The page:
A decision from the British Information Commissioner’s Office (the ICO) against the parent company of the former Cambridge Analytica, SCL Elections, determines that the GDPR also protects citizens outside the EU if their data is processed within the EU.
American Professor David Carroll had requested access to his data, and when SCL Elections only provided him with selected data, Professor Carroll complained to the ISO, which issued an enforcement notice ordering the company to submit the remaining information no later than by 4 May 2018. When Professor Carroll subsequently still did not receive all his data, SCL Elections was fined GBP 15,000 by the Hendon Magistrate’s Court and in addition hereto GBP 6,000 in legal costs and a victim surcharge to Professor Carroll of GBP 170.
Please see the ICO news letter about the decision here: data protection news report about the decision here: https://ico.org.uk/about-the-ico/news-and-events/news-and-blogs/2019/01/scl-elections-prosecuted-for-failing-to-comply-with-enforcement-notice/
The French DPA (the CNIL) imposed a financial penalty on Google for lacking information, transparency and grounds for processing, thereby raising a historical milestone in penalty level for breaching the GDPR. So far the greatest fine was GBP 500,000, corresponding to EUR 573,000; hence, the amount was raised by entire 8.626%.
The decision is particularly interesting as the CNIL i.a. justifies the fine and the publication of the decision with the fact that processing of personal data is of crucial importance for Google’s economic model. It is thereby implied, that the more important the personal data is in relation to the company’s economic model, the higher responsibility the company will have for complying with the rules.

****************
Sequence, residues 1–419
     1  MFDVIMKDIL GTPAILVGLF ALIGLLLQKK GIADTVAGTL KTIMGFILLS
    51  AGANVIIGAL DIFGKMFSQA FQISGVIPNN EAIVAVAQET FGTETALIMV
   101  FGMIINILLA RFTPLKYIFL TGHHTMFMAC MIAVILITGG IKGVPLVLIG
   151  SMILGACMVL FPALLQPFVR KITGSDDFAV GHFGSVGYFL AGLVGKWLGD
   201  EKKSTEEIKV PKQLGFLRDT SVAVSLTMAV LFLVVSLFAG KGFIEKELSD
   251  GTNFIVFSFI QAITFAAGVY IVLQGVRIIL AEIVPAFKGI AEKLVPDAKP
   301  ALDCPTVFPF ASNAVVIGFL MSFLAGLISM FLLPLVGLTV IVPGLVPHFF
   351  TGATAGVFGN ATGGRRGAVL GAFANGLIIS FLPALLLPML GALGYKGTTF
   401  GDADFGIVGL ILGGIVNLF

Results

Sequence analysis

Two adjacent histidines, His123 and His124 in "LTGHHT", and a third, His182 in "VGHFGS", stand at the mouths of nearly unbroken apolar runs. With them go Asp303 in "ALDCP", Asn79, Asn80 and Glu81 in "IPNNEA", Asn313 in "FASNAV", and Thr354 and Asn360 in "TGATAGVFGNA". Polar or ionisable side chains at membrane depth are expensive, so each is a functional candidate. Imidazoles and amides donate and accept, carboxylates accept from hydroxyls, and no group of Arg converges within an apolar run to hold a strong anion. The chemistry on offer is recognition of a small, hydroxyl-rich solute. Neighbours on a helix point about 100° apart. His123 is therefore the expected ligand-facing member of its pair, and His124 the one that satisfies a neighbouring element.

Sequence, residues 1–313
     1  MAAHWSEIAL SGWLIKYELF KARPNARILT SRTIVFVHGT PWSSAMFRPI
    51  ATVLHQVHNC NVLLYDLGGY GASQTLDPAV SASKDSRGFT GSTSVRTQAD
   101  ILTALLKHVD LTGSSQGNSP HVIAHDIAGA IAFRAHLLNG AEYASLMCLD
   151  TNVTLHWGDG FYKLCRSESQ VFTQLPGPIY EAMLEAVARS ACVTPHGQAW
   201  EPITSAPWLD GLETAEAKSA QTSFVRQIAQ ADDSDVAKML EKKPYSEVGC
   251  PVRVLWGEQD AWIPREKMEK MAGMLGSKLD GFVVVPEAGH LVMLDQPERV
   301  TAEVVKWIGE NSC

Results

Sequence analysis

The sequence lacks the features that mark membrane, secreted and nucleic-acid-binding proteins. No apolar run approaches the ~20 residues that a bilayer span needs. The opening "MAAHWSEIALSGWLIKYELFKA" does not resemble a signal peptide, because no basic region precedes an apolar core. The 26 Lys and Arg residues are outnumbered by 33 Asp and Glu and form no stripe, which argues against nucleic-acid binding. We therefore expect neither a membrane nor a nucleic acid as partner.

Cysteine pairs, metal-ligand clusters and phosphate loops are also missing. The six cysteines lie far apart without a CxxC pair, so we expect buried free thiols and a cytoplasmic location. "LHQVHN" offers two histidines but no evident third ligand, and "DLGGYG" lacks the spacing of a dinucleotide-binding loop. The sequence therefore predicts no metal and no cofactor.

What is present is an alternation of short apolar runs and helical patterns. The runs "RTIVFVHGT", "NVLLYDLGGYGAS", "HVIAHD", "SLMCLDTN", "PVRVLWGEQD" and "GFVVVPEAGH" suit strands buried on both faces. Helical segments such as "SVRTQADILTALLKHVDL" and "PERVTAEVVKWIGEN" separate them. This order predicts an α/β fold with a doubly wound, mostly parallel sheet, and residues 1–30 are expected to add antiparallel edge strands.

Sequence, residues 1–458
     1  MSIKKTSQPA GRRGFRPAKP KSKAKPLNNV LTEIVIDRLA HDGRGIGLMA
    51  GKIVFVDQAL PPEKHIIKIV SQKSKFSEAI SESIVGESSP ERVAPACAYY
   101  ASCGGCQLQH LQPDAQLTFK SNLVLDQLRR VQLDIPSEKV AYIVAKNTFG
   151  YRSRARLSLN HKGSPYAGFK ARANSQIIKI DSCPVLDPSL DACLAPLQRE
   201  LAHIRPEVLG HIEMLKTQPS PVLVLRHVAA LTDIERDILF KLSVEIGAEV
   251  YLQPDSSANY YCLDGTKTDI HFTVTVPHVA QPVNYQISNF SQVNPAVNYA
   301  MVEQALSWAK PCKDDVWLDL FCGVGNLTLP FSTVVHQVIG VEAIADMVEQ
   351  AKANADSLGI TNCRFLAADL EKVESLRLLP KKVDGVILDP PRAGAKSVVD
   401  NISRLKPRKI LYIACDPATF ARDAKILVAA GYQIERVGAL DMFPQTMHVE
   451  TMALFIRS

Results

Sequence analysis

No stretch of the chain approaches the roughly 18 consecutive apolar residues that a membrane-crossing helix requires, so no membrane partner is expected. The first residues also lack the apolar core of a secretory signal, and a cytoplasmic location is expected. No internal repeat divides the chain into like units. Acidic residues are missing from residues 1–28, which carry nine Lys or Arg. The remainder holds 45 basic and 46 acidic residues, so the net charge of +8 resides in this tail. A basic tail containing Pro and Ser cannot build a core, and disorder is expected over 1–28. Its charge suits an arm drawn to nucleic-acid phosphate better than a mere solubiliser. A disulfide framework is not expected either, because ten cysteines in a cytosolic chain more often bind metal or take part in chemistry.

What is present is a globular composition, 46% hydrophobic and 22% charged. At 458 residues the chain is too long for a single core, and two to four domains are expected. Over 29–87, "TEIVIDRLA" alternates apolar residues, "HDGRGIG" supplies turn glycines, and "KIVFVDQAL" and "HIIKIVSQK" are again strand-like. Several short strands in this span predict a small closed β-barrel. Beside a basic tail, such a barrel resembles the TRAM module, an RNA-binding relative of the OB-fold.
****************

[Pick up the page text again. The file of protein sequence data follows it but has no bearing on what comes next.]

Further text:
Please see our detailed news letter on the decision here: https://www.holst-law.com/forretningsomr%C3%A5der/persondata/nyhedsarkiv/google-f%C3%A5r-b%C3%B8de-p%C3%A5-50-millioner-euro.aspx
In 2014, the European Court of Justice ruled that the right to be forgotten not only comprises the right to have data deleted on various websites, but also to have search engine results deleted on e.g. Google, if such data is imprecise, inadequate, irrelevant or excessive in relation to the purpose of processing the data. Since then, more than three million have exercised this right. One of them - a Dutch surgeon - won an important case on the subject.
Initially, the surgeon had her registration to operate suspended, however, later this was changed to a conditional suspension allowing her to continue to practise. Nevertheless, her name appeared on an unofficial blacklist on the internet, appearing as a first result when searching the doctor’s name. She requested this search result removed.
Google and the Dutch DPA were of the opinion that the public’s interest in this search result was of higher importance than the doctor’s and therefore rejected her request about removing the search results.
However, the District Court of Amsterdam ruled the opposite arguing that the derogatory in appearing on the blacklist indicated that she contrary to the truth was unfit to operate, and that her first and unconditional - later conditional - suspension appeared from the public register www.bigregister.nl. Therefore, the surgeon’s interest in not appearing on the blacklist in the first search results was of higher importance than the public’s interest.
The decision was made in July but only recently made public. If website owners and a particular search engine are regarded as mutual data controllers in line with e.g. facebook page owners and facebook, the owner of such website must ensure that data upon justified request not only is deleted from one’s own website, however, also that the data no longer appears in any search results referring or linking to their website.